Russel H. Beatie. Army of the Potomac, Volume II: McClellan Takes Command, September 1861-February 1862. Cambridge: DaCapo Press, 2004. xxxv + 636 pp. $45.00 (cloth), ISBN 978-0-306-81252-1.
Reviewed by Rick Dyson (Library, Missouri Western State University)
Published on H-CivWar (July, 2006)
The Army of the Potomac and General George McClellan were among the most controversial actors in the Civil War, scrutinized by reporters, politicians and the public during the war. Fascination with these two pillars of Civil War history has been carried on by historians and students. The struggles of the Army of the Potomac and their flawed leader McClellan to defeat the Confederate Army of Northern Virginia preoccupied the Union war effort for the first three years of the conflict. McClellan's conduct of the war polarized the nation and retarded the Union's military efforts.
The best-known study of the Army of the Potomac is Bruce Catton's three-volume opus The Army of the Potomac, first published in 1953. Catton won both the Pulitzer Prize and the National Book Award in 1954 for his A Stillness at Appomattox. The primacy of Catton's work is cemented by the fact that the trilogy is still in print today. Catton's graceful writing appealed to the professional historian, student, as well as the public. Many future Civil War historians chose their profession and discovered their love for the study of the war in no small part because of Catton's books. As such, any monograph on the Army of The Potomac is inevitably compared with Catton's work.
Russell Beatie's multi-volume work on the Army of the Potomac promises, according to its press release, "to provide new insight for Civil War scholars and enthusiasts." Fulfilling this promise proves difficult for the author. Beatie, a retired army lieutenant and trial lawyer, is not a professional historian and it shows in this volume. While Beatie's work is heavily documented with reams of primary sources, many of them, according to the publisher, unused until this work, the uniqueness of Beatie's insights is dubious at best. Beatie seems intent on rehabilitating McClellan's tarnished reputation. Beatie details McClellan's struggle to find qualified field commanders while having to endure Lincoln's and the state governors' political generals. He argues that McClellan, who undertook the daunting task of building a first-rate army while facing a multitude of obstacles, accomplished his goal, and that this achievement has been unfairly belittled by his contemporaries and historians.
Throughout the book, Beatie reveals his bias in many ways but most glaringly by his labeling of the Radical Republicans with the pejorative term, "Jacobins," with all its negative connotations. The author promises to provide reader with new insights into the leaders of the Army, their decisions, and the debates within the command structure of the Army. However, this discussion is sadly lacking; the vast majority of the book includes quotations and summations from various primary sources but very little analysis. Further complicating matters is Beatie's plodding writing style, which distracted this reader.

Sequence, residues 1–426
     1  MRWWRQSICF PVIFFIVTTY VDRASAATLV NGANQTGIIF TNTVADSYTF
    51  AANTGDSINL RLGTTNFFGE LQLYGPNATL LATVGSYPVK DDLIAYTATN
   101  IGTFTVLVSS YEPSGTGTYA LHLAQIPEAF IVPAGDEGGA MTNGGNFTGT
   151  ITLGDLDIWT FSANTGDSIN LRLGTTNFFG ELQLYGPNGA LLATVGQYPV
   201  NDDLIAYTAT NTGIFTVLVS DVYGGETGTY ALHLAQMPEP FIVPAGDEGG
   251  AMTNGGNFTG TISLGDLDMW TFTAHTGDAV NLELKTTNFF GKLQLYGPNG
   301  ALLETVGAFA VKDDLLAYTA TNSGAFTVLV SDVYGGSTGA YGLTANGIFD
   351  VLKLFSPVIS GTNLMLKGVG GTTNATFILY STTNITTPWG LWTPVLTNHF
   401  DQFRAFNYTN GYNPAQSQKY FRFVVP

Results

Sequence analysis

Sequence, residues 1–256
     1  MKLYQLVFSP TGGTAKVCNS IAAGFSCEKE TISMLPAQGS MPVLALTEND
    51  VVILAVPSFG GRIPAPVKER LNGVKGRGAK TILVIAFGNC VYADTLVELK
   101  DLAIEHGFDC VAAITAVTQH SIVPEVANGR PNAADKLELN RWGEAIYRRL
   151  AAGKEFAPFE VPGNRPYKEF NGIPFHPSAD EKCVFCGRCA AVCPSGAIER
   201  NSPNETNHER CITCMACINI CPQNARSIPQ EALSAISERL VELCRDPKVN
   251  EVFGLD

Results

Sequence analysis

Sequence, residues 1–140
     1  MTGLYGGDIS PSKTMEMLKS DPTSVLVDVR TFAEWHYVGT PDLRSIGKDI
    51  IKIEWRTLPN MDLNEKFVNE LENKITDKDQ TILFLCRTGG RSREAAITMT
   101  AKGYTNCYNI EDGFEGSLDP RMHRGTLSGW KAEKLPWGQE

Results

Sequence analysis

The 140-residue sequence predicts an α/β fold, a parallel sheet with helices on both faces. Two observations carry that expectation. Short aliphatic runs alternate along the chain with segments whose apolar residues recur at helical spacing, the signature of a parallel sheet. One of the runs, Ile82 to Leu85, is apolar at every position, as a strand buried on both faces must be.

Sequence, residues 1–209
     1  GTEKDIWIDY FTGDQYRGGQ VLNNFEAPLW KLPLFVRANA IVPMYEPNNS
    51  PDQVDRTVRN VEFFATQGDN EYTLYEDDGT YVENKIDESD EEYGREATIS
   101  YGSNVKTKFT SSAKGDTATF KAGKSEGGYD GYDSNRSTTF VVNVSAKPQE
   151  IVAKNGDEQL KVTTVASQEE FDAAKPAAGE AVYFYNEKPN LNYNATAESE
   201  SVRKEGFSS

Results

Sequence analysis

Beatie constantly meanders through subplots that distract the reader from the main point of the book or fails to connect his side forays to the overall theme of the work. While the prodigious number of sources is impressive, his use of these sources is sometimes questionable. Beatie falls into the common trap of taking his sources at face value and not questioning the motives of the writers of a diary or letter.
Mr. Beatie is to be admired for undertaking the task of looking at the Army of the Potomac afresh; however, the finished product is disappointing. Beatie's work is countered by two new major studies detailing the Army of the Potomac, Jeffrey Wert's The Sword of Lincoln: The Army of the Potomac (2005) and Stephen R. Taafe, Commanding the Army of Potomac (2006). Both of these titles by respected historians and researchers are to sure to be of greater value and interest to readers of this list.
If there is additional discussion of this review, you may access it through the network, at: https://networks.h-net.org/h-civwar.
Rick Dyson. Review of Beatie, Russel H., Army of the Potomac, Volume II: McClellan Takes Command, September 1861-February 1862.
H-CivWar, H-Net Reviews.
Copyright © 2006 by H-Net, all rights reserved. H-Net permits the redistribution and reprinting of this work for nonprofit, educational purposes, with full and accurate attribution to the author, web location, date of publication, originating list, and H-Net: Humanities & Social Sciences Online. For any other proposed use, contact the Reviews editorial staff at email@example.com.